With Pataki’s rich period detail and cast of complex, bewitching characters, The Accidental Empress offers a captivating glimpse into one of history’s most intriguing royal families, shedding new light on the glittering Hapsburg Empire and its most mesmerizing, most beloved “Fairy Queen.”



The Last Bookaneer by Matthew Pearl


book'a-neer' (bŏŏk'kå-nēr'), n. a literary pirate; an individual capable of doing all that must be done in the universe of books that publishers, authors, and readers must not have a part in

London, 1890—Pen Davenport is the most infamous bookaneer in Europe. A master of disguise, he makes his living stalking harbors, coffeehouses, and print shops for the latest manuscript to steal. But this golden age of publishing is on the verge of collapse. For a hundred years, loose copyright laws and a hungry reading public created a unique opportunity: books could easily be published without an author’s permission. Authors gained fame but suffered financially—Charles Dickens, Mark Twain, Robert Louis Stevenson, to name a few—but publishers reaped enormous profits while readers bought books inexpensively. Yet on the eve of the twentieth century, a new international treaty is signed to grind this literary underground to a sharp halt. The bookaneers are on the verge of extinction.

From the author of The Dante Club, Matthew Pearl, The Last Bookaneer is the astonishing story of these literary thieves’ epic final heist. On the island of Samoa, a dying Robert Louis Stevenson labors over a new novel. The thought of one last book from the great author fires the imaginations of the bookaneers, and soon Davenport sets out for the South Pacific island. As always, Davenport is reluctantly accompanied by his assistant Fergins, who is whisked across the world for one final caper. Fergins soon discovers the supreme thrill of aiding Davenport in his quest to steal Stevenson’s manuscript and make a fortune before the new treaty ends the bookaneers’ trade forever. But Davenport is hardly the only bookaneer with a mind to pirate Stevenson’s last novel. His longtime adversary, the monstrous Belial, appears on the island, and soon Davenport, Fergins, and Belial find themselves embroiled in a conflict larger, perhaps, than literature itself.

In The Last Bookaneer, Pearl crafts a finely wrought tale about a showdown between brilliant men in the last great act of their professions. It is nothing short of a page-turning journey to the heart of a lost era.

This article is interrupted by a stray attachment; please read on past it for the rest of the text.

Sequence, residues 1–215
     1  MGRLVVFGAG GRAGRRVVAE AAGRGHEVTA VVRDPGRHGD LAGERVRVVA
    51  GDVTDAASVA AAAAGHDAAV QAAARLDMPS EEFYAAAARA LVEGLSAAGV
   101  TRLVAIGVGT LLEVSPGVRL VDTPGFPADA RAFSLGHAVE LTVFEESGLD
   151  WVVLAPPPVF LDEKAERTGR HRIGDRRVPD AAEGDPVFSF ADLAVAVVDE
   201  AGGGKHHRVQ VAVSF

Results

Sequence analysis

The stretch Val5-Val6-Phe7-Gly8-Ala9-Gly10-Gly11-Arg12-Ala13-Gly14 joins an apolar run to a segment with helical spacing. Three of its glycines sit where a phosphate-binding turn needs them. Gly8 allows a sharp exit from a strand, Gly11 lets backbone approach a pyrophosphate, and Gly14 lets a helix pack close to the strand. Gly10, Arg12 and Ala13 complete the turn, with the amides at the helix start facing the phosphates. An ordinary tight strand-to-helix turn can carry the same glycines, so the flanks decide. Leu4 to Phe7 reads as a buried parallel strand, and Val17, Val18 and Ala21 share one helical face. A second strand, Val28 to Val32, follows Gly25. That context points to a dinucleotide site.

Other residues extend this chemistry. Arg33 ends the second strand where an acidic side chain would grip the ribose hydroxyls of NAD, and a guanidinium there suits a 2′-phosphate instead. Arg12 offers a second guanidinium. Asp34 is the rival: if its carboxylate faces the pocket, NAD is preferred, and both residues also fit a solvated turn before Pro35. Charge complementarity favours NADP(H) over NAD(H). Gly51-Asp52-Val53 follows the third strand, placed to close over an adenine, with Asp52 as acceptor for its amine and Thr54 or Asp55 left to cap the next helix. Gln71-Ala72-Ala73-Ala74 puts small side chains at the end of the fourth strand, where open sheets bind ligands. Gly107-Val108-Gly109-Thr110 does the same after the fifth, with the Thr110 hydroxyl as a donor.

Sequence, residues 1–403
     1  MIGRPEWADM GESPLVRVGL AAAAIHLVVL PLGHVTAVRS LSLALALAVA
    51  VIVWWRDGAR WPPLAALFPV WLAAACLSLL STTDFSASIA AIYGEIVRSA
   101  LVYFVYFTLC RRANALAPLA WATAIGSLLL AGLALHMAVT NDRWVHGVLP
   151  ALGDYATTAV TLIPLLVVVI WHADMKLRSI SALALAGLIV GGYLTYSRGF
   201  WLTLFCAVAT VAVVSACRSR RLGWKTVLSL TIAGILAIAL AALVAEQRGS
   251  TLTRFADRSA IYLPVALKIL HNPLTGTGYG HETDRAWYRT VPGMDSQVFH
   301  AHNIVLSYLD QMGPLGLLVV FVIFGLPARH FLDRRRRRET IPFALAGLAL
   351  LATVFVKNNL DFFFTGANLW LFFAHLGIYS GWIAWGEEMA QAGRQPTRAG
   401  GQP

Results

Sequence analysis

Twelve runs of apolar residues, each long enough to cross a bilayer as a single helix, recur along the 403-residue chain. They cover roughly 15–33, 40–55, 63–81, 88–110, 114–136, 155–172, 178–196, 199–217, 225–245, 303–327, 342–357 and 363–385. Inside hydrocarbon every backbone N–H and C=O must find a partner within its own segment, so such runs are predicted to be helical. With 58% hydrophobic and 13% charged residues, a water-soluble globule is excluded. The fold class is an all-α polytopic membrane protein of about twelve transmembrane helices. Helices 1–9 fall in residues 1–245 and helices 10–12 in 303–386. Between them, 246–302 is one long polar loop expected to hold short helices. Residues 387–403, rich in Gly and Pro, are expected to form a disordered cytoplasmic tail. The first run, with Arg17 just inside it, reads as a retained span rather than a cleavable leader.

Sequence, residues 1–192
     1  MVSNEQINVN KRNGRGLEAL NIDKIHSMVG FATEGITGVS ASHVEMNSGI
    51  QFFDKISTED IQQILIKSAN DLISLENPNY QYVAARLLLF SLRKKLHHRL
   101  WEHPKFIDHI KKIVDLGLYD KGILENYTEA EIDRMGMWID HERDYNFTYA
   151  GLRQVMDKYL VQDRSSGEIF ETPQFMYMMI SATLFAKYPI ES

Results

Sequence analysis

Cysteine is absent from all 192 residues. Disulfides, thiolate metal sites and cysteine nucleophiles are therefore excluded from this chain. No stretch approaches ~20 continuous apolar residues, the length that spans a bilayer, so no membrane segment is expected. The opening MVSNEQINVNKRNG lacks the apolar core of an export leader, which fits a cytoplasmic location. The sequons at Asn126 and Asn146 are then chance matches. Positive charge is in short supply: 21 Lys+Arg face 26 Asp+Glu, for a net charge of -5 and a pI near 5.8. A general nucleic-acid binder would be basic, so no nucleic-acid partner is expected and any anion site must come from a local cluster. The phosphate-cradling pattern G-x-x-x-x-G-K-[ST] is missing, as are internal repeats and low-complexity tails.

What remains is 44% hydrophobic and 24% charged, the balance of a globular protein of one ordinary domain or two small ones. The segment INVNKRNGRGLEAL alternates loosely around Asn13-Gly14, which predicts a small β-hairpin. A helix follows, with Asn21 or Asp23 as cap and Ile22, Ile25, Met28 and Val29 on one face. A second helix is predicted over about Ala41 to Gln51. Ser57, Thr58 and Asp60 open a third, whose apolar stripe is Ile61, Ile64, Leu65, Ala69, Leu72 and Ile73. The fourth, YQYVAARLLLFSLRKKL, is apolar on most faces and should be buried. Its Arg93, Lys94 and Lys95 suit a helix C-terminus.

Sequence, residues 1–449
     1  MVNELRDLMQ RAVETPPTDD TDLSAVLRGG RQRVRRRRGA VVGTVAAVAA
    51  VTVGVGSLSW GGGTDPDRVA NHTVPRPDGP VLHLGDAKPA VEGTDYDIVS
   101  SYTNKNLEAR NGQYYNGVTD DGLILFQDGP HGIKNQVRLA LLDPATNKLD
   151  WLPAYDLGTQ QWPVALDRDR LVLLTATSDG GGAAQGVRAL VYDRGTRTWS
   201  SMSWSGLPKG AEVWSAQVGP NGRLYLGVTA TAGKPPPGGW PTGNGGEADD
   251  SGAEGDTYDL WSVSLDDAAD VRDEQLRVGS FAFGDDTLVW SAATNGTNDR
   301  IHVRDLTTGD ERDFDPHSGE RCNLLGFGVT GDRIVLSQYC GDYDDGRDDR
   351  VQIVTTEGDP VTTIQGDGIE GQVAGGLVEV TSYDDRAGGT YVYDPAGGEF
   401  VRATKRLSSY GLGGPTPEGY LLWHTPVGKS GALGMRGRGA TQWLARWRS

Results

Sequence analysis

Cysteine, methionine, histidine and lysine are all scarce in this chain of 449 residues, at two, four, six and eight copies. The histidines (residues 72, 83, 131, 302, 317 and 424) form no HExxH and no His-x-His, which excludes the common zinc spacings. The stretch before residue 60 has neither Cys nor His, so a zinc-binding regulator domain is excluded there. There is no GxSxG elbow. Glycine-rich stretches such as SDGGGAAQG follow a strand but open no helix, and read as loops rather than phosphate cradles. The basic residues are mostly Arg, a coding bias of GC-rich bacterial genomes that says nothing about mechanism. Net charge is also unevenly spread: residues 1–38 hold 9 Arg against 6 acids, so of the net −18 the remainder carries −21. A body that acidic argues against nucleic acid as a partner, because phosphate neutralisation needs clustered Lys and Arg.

The Virgin's Daughter (Tudor Legacy #1) by Laura Andersen

Since the death of her brother, William, Elizabeth I has ruled England. She’s made the necessary alliances, married Philip of Spain, and produced a successor: her only daughter, Anne Isabella, Princess of Wales. Elizabeth knows that her beloved Anabel will be a political pawn across Europe unless she can convince Philip to grant her a divorce, freeing him to remarry and give Spain its own heir. But the enemies of England have even greater plans for the princess, a plot that will put Anabel’s very life and the security of the nation in peril. Only those closest to Elizabeth—her longtime confidante Minuette, her advisor and friend Dominic, and the couple’s grown children—can be trusted to carry forth a most delicate and dangerous mission. Yet, all of the queen’s maneuverings may ultimately prove her undoing.




Mrs. Grant and Madame Jule by Jennifer Chiaverini

The New York Times bestselling author of Mrs. Lincoln's Dressmaker and Mrs. Lincoln's Rival imagines the inner life of Julia Grant, beloved as a Civil War general’s wife and the First Lady, yet who grappled with a profound and complex relationship with the slave who was her namesake—until she forged a proud identity of her own.

In 1844, Missouri belle Julia Dent met dazzling horseman Lieutenant Ulysses S Grant. Four years passed before their parents permitted them to wed, and the groom’s abolitionist family refused to attend the ceremony.

Since childhood, Julia owned as a slave another Julia, known as Jule. Jule guarded her mistress’s closely held twin secrets: She had perilously poor vision but was gifted with prophetic sight. So it was that Jule became Julia’s eyes to the world.
And what a world it was, marked by gathering clouds of war. The Grants vowed never to be separated, but as Ulysses rose through the ranks—becoming general in chief of the Union Army—so did the stakes of their pact. During the war, Julia would travel, often in the company of Jule and the four Grant children, facing unreliable transportation and certain danger to be at her husband’s side.

Yet Julia and Jule saw two different wars. While Julia spoke out for women—Union and Confederate—she continued to hold Jule as a slave behind Union lines. Upon the signing of the Emancipation Proclamation, Jule claimed her freedom and rose to prominence as a businesswoman in her own right, taking the honorary title Madame. The two women’s paths continued to cross throughout the Grants’ White House years in Washington, DC, and later in New York City, the site of Grant’s Tomb.